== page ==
Tag Archives: artefacts

Exercise 2.3 Same model, different background

I’ve been struggling with this exercise for several days, unable to decide how to go ahead with it, and have now decided I must simply get on with it in order to move on. After all, it is not an assignment. That being the case, I have put together a group of images which show my partner in various situations around the home, along side other images of items that express something about who he is.

I am aware that these do not really fit the remit of the exercise, but feel that the end result gives a similar effect to that of the instructions. Having looked at the work of Harry Callahan, Julian Germain and Kaylynn Deveney (about which I will write separately), I feel that a mixture of artefacts and portraits is a valid way of approaching the remit. However, what is missing is much in the way of information about the place in which my partner lives. There are two reasons for this. Firstly, in his own field he is quite well know and I felt that personal privacy was an issue. Secondly, and more practically, he spends most of his time at home, and therefore any truthful portrait of him should include that fact. I intend to focus on place over person in the next exercise, which I plan to undertake while at the Brighton Biennale this weekend.

There are several ways in which I could take this project forward, unifying objects with images of him going about his daily life and which hint at different aspects of his personality. One which I think has some potential is about his selection of hats for various activities, (he is a great hat lover), but I will save this project for another day.

Overall, I find that I feel uncomfortable taking portraits of my close family. Partly it is because I don’t want to bother them, but also I know so much about them that it is difficult to see the wood for the trees. Also, they tend to be hypercritical about how they look in images, and are not afraid to tell me when they are not happy with the result, while I am more interested in whether the images I take are honest representations. So much easier to work with people I know less well, but I do need to be aware that subjects’ sensitivities need to be borne in mind. (Here, I am thinking in particular of an image I took earlier this year of a heavily overweight colleague running across a car park, and then published on the internet. I can honestly say that the thought that she might find this a problem never occurred to me at the time – I was simply recording a moment which featured her in it. However, in retrospect, I suspect she was horrified at what I had done; no picture she posts of herself refers in any way to her size, and her images are exclusively headshots.)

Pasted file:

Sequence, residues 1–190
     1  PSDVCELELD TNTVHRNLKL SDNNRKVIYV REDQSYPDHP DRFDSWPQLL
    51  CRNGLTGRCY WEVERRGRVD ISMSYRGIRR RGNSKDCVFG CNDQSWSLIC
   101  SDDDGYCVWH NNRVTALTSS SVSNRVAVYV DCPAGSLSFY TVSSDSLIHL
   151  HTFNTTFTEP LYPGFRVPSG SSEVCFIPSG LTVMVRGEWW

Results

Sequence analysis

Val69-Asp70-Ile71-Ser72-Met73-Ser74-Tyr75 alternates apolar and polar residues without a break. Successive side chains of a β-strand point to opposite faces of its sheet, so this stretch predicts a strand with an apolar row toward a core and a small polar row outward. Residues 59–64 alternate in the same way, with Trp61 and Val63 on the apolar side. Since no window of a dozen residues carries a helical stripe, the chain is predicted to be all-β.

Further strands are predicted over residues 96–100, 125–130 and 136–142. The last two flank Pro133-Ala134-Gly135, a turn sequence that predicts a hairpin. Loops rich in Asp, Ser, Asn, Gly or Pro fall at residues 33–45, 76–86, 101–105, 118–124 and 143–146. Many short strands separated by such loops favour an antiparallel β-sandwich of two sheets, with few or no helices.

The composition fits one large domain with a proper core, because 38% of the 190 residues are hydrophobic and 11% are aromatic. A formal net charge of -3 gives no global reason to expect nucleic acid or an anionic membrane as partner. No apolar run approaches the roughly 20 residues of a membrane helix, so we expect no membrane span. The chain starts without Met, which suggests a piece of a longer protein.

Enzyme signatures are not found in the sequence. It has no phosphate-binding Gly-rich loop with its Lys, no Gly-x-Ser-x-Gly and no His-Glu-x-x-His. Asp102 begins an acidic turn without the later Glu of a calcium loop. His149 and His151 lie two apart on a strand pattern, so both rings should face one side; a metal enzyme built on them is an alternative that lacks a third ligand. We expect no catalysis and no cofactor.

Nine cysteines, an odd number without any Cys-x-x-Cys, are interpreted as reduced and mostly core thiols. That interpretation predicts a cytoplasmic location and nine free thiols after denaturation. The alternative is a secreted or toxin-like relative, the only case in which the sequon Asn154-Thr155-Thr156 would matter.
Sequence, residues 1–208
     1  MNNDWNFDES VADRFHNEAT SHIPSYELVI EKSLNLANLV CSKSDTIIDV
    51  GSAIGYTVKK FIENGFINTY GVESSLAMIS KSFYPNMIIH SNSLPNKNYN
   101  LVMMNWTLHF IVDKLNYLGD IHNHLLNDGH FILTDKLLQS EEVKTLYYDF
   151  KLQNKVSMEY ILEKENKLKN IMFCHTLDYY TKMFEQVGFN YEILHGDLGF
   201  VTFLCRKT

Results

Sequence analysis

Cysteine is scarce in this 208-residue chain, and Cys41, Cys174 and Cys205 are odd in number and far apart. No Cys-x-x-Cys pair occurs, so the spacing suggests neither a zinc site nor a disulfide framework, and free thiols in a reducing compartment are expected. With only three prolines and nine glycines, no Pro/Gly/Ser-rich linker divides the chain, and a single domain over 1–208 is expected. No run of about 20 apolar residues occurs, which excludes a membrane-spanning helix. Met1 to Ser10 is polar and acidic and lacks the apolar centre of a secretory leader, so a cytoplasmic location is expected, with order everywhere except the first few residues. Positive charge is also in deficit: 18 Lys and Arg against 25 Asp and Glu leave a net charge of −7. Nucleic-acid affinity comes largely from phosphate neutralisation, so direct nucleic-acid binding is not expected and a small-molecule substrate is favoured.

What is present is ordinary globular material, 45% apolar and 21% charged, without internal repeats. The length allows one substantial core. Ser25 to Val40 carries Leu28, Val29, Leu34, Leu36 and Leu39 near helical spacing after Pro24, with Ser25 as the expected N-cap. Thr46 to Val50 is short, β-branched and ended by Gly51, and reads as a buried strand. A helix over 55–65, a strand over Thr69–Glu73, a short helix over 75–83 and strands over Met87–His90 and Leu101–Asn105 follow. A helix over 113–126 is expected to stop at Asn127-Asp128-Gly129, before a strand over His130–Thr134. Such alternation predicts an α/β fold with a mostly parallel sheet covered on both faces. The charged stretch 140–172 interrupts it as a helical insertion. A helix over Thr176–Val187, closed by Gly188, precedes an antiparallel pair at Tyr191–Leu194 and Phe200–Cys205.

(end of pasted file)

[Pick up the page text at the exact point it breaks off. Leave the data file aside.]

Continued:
A treasure trove, full of potential projects

I have just come back from visiting my father in Scotland, where I showed him this post about the interlocking generations of family history. It prompted a chat about what family history resources were lying around at his home, and I came back with several albums and boxes I hadn’t known about before. Over the last 24 hours I have been going through some of them, and they include many images and notes I have never seen before. Opening each box and packet was a delight, and the physical objects themselves were as interesting as the information they contained. I have put a couple of examples below, 1 and 2 being a laundry box, which appears to contain my maternal grandparents’ collection of photos, etc, The box itself is made of sturdy cardboard, and has a leather strap to hold it shut. Amazing, when one considers the flimsy items we use today for laundry (mostly plastic bags, as far as I can see).

There are examples of several different types of photograph, and also what I assume to be hand-painted photos from Japan, dating to about 1910.It is going to take a long time to archive and curate all this, but is an exciting project to be carrying on alongside my coursework.

Here is a flavour of what I am going to be doing. Among the family images, there are also one that have some more general interest, including some of Scott of the Antarctic’s stopover in Japan in 1910, on his way to his ill-fated expedition, and also quite a lot of items relating to the Doyly Carte Opera Company and Gilbert & Sullivan, as a couple of my very great uncles were conductors for them.